But Americans, damn, we are too good, to proud, to stubborn to look elsewhere for ideas. We are following China’s path. The fact that we even discuss “American exceptualism” is an indicator that we are on the wrong path.

June 12, 2013

Selling Our Freedoms for Nothing?

In the current debate over the National Security Agency harvesting vast amounts of phone and Internet data on you and me the discussions have largely centered on the Fourth Amendment being trampled (it is) and on the potential abuse future politicians and bureaucrats might commit. Possibly the discussion will get around to the vaunted “oversight” by both Congressional committees and by the federal courts, both of which are jokes, but I want to bring up another point. A point that trumps all of the other points save the Constitutional one.

We are being told this is the cost of keeping us safe from terrorists. They might as well say from the boogeyman, but for now terrorists will do. Consider the following graphic:


If our goal is to prevent deaths, why are we spending millions of dollars per life threatened by terrorism but chump change for deaths from other threats? (We don’t know how much money is being spent to fight terror as that is secret, along with apparently everything else they are doing which means any bureaucrat who pulls back the curtain from the Great and Powerful Oz is being threatened with the Sedition Act).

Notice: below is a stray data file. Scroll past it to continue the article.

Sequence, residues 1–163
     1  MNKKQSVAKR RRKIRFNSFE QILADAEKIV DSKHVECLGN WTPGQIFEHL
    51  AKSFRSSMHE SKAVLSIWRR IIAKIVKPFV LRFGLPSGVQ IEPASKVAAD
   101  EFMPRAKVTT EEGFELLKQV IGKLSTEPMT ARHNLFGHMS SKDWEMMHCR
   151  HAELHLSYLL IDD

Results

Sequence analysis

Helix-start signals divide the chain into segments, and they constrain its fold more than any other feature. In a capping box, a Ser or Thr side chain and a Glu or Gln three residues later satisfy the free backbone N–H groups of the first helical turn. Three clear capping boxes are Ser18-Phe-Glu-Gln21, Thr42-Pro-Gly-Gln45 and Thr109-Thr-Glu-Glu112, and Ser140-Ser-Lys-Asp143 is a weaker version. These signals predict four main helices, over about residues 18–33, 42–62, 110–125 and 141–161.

Could it be that the power mongers in Washington, D.C. are just playing “the game” and it has nothing to do with “keeping us safe.” Could it be that we are losing our freedoms (the freedom from unreasonable search and seizure at this point), so these dickheads can play power games?

What if we were to take 90% of that money back and use it to feed and clothe and educate the poor? Would we not all be a great deal better off?

June 11, 2013

Why Do I Care What You Believe?

If you haven’t noticed, I am one of those militant atheists. In the terminology sprouting up around the “New Atheism,” I am a positive atheist in that I deny that even a single god exists. And I not only argue that I do not believe in your god, but that you shouldn’t either.

Pretty cheeky, no? Why should I bother with what you believe? What’s the harm? Aren’t you allowed to believe what you wish? Religion has many benefits that you say make it attractive. The example most often given is that religion consoles those left behind when a loved or respected one dies. Atheism can’t do that, you say.

I urge everyone to seriously consider these claims. Too often atheists just concede this point rather than think it through. I do not.

I have attended my share of religious funerals—of aunts and uncles, grandmothers, cousins, nieces, my father’s (but not my mother’s) and numerous others being relatives of friends or spouses with which I was not particularly well acquainted. I gave eulogies at a number of these as well. In every one of them I was assured that my loved one/whatever was in Heaven with God and was bathed in love or some other such nonsense (one uncle, I was told, was “surely playing golf in Heaven”).